This is the type of organization that represents true conservation, science and reason. And an organization we in the hunting world should endeavour to collaborate with in the future.

I should add one final note. One of the key arguments made in the anti-bear hunting camp is the economic impact of bear viewing vs bear hunting but this is yet another example of their utter disdain for truth and reason. Comparing the revenues generated by bear viewing and eco-tourism (often lumped together) and bear hunting is like comparing the sales of Advil or Tylenol to those of prescription pharmaceuticals. The former two can be bought at will without any restrictions or limitations and the latter is available only to a controlled and regulated few. Other than to mention the fact it has no basis in a discussion that should be firmly planted in reality, I will spend no time debating this economic sub-topic. It has no bearing on the facts of the debate and is yet another example of their deplorably underhanded and misleading PR tactics.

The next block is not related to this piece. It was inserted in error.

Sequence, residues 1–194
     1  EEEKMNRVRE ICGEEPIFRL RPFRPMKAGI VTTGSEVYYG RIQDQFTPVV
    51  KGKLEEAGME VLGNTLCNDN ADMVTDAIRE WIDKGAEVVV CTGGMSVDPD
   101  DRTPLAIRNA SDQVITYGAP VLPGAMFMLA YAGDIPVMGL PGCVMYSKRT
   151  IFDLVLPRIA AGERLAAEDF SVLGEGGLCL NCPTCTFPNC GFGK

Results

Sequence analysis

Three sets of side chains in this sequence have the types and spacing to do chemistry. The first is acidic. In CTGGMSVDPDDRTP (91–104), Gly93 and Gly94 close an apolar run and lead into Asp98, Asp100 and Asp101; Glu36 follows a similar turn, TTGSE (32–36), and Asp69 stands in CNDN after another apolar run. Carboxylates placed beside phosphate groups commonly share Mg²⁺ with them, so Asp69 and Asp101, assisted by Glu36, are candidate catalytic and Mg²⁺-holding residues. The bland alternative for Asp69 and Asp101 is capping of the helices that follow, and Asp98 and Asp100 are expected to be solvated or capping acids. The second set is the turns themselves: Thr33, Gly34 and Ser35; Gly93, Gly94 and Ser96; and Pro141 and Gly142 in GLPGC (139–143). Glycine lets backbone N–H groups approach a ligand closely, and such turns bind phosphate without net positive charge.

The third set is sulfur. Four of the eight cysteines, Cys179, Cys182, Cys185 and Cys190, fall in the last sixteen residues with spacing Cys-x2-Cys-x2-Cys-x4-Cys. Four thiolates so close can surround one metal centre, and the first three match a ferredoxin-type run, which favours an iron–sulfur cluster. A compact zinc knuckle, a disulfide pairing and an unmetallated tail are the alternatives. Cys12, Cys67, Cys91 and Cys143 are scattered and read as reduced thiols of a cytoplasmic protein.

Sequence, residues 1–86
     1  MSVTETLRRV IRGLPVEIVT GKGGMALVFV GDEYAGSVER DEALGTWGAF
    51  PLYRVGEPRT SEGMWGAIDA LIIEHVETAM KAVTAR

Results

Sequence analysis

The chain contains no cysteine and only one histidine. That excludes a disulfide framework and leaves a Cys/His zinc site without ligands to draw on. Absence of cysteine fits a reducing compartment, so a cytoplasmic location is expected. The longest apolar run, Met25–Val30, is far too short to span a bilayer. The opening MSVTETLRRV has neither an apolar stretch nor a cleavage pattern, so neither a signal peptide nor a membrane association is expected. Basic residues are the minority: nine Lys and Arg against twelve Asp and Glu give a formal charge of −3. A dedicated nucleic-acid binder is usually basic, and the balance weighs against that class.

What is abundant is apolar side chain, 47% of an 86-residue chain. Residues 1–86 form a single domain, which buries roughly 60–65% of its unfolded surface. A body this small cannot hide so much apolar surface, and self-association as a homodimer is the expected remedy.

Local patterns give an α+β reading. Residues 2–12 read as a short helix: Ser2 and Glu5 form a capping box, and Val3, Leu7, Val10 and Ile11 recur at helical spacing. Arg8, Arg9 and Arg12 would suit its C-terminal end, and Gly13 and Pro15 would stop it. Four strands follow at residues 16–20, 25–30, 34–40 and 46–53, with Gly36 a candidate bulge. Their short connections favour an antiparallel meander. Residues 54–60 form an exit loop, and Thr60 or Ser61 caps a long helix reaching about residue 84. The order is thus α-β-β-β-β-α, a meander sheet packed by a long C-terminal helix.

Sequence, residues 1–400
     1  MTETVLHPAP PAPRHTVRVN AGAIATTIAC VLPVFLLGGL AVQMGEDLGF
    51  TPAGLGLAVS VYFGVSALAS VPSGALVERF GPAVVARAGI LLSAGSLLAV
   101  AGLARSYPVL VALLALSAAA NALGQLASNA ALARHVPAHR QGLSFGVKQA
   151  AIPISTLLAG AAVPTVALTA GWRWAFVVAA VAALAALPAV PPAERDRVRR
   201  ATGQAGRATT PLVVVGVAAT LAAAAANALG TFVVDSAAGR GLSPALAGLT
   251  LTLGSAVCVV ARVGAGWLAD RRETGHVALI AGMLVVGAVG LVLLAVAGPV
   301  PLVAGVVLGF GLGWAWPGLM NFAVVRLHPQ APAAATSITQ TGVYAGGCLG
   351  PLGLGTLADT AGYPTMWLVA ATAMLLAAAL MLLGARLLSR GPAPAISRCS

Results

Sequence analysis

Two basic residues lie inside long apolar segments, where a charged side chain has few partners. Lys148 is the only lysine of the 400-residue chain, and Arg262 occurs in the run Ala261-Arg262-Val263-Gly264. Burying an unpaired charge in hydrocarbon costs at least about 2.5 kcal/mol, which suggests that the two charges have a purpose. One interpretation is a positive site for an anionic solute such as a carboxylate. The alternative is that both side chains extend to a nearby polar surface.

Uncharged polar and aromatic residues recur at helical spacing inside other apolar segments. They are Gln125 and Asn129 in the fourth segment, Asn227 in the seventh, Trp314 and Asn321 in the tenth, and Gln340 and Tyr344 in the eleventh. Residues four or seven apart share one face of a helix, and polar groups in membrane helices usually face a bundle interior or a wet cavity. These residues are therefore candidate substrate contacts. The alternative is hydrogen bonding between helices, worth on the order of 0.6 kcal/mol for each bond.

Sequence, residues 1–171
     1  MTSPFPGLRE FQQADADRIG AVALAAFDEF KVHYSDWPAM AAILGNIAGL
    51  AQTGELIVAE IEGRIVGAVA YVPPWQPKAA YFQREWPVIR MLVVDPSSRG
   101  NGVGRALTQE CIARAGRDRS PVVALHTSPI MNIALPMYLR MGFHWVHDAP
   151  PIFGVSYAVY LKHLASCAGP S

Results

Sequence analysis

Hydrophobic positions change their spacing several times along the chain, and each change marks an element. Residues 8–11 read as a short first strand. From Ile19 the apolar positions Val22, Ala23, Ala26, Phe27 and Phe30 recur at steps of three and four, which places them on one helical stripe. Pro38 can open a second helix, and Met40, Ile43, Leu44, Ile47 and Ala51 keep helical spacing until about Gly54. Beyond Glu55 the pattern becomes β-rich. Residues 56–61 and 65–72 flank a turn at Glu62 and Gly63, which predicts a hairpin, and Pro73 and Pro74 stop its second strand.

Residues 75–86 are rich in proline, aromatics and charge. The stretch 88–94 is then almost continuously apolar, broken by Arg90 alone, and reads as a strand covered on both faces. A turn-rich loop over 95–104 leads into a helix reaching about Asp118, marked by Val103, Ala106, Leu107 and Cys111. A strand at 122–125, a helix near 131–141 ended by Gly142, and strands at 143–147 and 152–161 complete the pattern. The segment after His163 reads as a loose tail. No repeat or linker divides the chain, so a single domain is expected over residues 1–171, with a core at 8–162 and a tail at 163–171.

Within our own ranks as hunters, there unfortunately remains a division on the topic of predator and large carnivore hunting. As I discussed in my previous op-ed Cannibalism, killing only for meat has been one of the “safe havens” of hunting’s ethical backbone. But do not delude yourself into thinking these extremist groups will leave you alone as a “meat hunter”. The quotes I included above should sufficiently open your eyes to the sheer fanaticism present within these organizations and the lengths to which they’ll go in terms of dishonesty, slander and the outright deception of the public.

As I’ve outlined, this debate is not about science, and it is not about reason. For these extremists it is a moral debate, and an ethical debate, one that cannot be won or lost with facts, figures or scientific modeling. If it were there would be no debate at all, we would win on the balance of science and reason without fail. But like any fundamentally fanatical belief or belief system, we cannot rely on reason and objectivity to win the day.

Make no mistake about it this is the frontline of the ongoing war against hunting in a world increasingly disconnected from Nature. It is a proxy war happening on the fringes of what most hunters consider mainstream. But don’t let that fool you. Whether you are a bear hunter or not, have verbally opposed “trophy hunting” or not, do not for one second think these people will stop once they’ve abolished the grizzly hunt here in BC.

Adam Janke
Editor in Chief